FARC leader Rodrigo Londoño, known as “Timochenko,” shakes hands with another former rebel, Iván Marquez, on Aug. 27, 2017, at the opening of their group’s convention, aimed at forming a political party. (Raul Arboleda/AFP/Getty Images)

 Colombia’s largest guerrilla movement sowed a half-century of fear through kidnappings, bombings, extortion and killings. But in a new era of peace, the battled-scarred leftists are launching a charm offensive — trading their guns and fatigues for the soft-lit ads and sport coats of 21st-century politics. 

The former fighters of the Revolutionary Armed Forces of Colombia, or FARC, decommissioned the last of their weapons in recent weeks, under a historic accord ending Latin America’s longest-running guerrilla war. Now the Marxist-Leninist guerrillas are taking a page from corporate playbooks and trying to rebrand themselves. 

Near soaring bank towers and a busy Starbucks, fighters-turned-delegates gathered this week for what is effectively their first modern political convention. On the event’s inaugural day, a hip electronic beat pulsed through a vast hall before the introduction of two emcees — one of them a young man in a power suit with a telenovela smile.

The ensuing speeches touched on wealth distribution and inequality, but also health care, public housing, women’s rights, the fight against global warming, even the scourge of urban drug use. In the wings, ex-fighters took selfies and ogled stands selling mugs and key chains bearing a new FARC logo — two hands clasped in the shape of a heart. 

  There remain two camps within the FARC  — one seeking a broader coalition of the left, the other more rooted in the group’s revolutionary past. In a nod to its roots, the FARC this week announced that rather than pick a substantially different name for its new political party, it will still be known by the acronym FARC — although it will now stand for Alternative Communal Revolutionary Force.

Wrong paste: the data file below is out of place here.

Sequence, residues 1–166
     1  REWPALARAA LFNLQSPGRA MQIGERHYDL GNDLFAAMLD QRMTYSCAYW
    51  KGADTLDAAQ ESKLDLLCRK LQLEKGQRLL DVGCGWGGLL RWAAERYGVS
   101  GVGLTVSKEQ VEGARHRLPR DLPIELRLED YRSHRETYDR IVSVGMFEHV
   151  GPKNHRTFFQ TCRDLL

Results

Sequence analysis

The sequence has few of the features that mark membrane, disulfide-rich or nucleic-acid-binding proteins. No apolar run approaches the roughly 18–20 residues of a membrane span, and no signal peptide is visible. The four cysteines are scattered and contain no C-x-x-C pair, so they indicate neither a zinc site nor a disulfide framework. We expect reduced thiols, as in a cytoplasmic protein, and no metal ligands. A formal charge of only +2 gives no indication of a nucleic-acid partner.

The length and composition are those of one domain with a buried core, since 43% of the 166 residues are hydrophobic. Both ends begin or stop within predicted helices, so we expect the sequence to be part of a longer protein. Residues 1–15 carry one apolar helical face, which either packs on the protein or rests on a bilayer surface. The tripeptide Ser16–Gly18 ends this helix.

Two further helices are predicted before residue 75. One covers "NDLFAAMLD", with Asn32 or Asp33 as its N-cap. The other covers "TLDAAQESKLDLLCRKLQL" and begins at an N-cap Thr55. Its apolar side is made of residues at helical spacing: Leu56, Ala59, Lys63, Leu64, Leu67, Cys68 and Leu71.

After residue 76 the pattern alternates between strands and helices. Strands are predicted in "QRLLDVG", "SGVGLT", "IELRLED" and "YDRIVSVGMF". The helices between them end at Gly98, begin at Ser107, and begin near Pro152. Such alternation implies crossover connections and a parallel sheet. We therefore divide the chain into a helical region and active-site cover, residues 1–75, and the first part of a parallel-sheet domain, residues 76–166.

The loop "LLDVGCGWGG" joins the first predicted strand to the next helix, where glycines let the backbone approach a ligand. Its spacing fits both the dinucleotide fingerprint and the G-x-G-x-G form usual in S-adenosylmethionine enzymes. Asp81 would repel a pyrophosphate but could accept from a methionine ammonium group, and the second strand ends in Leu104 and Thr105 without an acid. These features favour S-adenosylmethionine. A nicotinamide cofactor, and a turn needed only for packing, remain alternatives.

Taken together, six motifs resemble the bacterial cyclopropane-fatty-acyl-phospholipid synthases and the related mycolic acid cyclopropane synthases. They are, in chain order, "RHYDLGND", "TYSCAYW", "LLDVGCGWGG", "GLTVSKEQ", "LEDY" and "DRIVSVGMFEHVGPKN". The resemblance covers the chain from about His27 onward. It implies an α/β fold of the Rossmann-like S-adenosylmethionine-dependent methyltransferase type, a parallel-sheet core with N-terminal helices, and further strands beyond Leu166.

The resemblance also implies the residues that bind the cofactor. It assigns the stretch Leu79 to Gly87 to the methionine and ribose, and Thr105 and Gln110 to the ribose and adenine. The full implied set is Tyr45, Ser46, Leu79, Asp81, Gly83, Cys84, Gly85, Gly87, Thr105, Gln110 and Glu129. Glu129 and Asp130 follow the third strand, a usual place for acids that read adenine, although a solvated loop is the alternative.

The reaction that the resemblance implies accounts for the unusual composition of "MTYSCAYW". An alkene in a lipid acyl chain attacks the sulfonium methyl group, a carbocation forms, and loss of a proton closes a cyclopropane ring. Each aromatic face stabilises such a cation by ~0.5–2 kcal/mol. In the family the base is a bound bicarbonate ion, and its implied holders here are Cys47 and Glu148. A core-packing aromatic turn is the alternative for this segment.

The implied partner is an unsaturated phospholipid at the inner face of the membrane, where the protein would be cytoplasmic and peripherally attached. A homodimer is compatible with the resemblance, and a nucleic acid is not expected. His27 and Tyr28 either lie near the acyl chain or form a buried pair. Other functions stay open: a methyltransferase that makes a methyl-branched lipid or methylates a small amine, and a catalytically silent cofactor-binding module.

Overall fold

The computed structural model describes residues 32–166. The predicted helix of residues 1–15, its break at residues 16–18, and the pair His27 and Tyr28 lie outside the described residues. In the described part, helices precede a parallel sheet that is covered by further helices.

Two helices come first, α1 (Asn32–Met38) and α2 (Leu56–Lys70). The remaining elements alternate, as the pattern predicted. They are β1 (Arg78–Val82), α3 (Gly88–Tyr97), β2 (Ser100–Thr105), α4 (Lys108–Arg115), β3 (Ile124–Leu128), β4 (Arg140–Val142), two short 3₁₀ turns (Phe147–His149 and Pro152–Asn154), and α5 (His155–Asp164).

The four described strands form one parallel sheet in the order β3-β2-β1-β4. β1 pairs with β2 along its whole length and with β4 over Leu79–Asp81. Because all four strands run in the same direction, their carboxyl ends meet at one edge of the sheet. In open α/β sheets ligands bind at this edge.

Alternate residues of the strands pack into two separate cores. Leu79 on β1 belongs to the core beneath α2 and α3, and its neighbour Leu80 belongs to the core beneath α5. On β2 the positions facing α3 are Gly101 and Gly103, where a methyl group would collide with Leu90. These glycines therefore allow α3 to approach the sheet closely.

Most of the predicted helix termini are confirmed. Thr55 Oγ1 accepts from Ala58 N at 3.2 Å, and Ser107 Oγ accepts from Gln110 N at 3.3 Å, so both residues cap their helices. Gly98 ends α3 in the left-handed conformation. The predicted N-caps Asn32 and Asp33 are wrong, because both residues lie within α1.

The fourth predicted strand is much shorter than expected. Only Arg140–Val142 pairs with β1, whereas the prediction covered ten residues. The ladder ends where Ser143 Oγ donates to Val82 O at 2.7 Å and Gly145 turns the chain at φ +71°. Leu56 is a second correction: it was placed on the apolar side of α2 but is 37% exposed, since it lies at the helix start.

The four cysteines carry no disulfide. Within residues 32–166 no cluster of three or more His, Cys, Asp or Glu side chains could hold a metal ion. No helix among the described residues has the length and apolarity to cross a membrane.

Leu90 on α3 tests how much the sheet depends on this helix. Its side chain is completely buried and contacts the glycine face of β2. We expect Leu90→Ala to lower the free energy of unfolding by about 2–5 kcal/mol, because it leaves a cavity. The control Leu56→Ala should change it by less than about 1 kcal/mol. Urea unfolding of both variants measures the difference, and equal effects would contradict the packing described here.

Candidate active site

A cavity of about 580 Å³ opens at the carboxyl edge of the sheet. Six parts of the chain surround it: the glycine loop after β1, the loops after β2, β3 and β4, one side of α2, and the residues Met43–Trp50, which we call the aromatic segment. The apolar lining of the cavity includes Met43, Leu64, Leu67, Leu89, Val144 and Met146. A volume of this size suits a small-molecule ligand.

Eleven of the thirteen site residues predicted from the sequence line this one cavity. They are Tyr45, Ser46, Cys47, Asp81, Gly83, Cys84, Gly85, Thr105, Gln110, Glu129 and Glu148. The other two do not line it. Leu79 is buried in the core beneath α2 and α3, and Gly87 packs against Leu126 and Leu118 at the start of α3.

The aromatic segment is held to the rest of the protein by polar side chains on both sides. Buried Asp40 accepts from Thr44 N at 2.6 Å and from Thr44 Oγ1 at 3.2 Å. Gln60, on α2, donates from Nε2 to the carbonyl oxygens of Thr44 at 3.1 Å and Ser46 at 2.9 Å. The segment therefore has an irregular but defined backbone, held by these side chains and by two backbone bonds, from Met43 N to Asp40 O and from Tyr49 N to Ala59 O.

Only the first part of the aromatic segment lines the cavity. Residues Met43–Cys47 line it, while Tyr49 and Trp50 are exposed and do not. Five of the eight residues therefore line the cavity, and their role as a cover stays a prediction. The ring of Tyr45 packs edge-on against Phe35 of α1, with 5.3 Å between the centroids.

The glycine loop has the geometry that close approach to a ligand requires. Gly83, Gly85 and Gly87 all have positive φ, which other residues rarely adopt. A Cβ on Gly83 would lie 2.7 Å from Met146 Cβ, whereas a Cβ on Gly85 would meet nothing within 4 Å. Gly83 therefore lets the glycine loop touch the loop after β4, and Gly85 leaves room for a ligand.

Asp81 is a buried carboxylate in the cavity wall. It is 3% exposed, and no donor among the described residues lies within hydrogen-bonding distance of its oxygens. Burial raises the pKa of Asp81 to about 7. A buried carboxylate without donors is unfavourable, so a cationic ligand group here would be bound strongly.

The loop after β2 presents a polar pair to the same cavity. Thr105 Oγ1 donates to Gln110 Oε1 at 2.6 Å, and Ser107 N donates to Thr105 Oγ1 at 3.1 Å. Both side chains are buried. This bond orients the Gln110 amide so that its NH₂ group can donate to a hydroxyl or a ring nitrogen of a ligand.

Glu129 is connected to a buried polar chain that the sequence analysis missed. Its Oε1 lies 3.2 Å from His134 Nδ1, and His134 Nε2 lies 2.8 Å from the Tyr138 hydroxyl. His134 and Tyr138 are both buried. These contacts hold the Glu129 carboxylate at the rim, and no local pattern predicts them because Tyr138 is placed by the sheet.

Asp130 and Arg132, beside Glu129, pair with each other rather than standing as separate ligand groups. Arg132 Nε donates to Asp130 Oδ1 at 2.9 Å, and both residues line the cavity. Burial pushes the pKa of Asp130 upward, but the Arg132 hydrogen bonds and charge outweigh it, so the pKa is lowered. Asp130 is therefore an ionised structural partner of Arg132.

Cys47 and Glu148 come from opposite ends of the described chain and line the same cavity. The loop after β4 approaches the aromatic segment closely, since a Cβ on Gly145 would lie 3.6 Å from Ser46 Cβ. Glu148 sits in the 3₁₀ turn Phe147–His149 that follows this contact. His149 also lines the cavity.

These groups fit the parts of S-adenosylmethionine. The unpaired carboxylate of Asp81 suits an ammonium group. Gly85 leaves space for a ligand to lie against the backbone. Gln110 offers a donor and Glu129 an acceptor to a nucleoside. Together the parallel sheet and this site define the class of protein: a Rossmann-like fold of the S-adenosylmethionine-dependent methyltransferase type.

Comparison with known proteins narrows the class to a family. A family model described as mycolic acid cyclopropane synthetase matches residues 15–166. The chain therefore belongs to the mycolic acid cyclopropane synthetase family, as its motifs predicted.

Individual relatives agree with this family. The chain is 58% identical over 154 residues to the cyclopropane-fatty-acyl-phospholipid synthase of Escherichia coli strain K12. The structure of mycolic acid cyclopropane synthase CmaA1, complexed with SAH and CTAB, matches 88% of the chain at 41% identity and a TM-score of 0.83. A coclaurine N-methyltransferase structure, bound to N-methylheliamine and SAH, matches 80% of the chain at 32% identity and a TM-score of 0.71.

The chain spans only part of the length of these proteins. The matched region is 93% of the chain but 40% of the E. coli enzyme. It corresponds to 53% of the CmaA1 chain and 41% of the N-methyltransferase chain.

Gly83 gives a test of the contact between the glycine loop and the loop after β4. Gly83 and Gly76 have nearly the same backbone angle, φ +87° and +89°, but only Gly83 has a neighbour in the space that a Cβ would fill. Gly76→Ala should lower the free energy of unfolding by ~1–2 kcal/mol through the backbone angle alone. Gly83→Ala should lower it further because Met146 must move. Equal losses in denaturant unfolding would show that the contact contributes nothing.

Yet there is no doubt the group is trying to carve out a new image. On Friday, for instance, a panel of blazer-wearing FARC leaders arrived at a news conference clutching red roses — a flower they hoped to convert into a symbol of their new party.

“When [people] see a red rose, we want them to think of the FARC,” said Ivan Marquez, the group’s chief negotiator during the peace process.

Former leftist guerrillas in other Latin American countries including Brazil and Uruguay have gone on to reach the highest offices in the land. Yet Colombia’s guerrilla wars were longer and far more violent, claiming an estimated 218,000 lives.

The FARC, though, may be making some political inroads. A recent Gallup poll showed the group with 15 percent support, compared with 10 percent in June of last year. The latest numbers were only a few percentage points lower than the approval rating of Colombia’s congress.

That is precisely what is alarming the FARC’s many opponents here. 

Under the peace deal, the FARC is guaranteed 10 seats in the 268-member congress — but it can get more in national elections next March. Most observers say that any serious political gains by the FARC are still likely to be years away. 

Nevertheless, many Bogota residents called the scenes of former guerrillas openly politicking in the heart of Colombian capitalism this past week a jarring sign of the group’s emergence as a political force.

“You definitely feel a threat. We feel they are taking big, animal steps, like they are coming into our game,” said Francisco Cabal, a Bogota lawyer who voted against the peace deal in a national referendum last year

The FARC has brought on a team of political consultants and is taking advice from some who helped rehabilitate the left in Brazil — where ex-president Dilma Rousseff was once a member of the Marxist urban guerrillas who challenged a military dictatorship. In April, the former Colombian rebels placed political ads on the Internet, some punched with humor, others more serious. Rather than dealing with longtime issues of the FARC — such as rural land redistribution — the ads revolved around the problems of Colombian urbanites.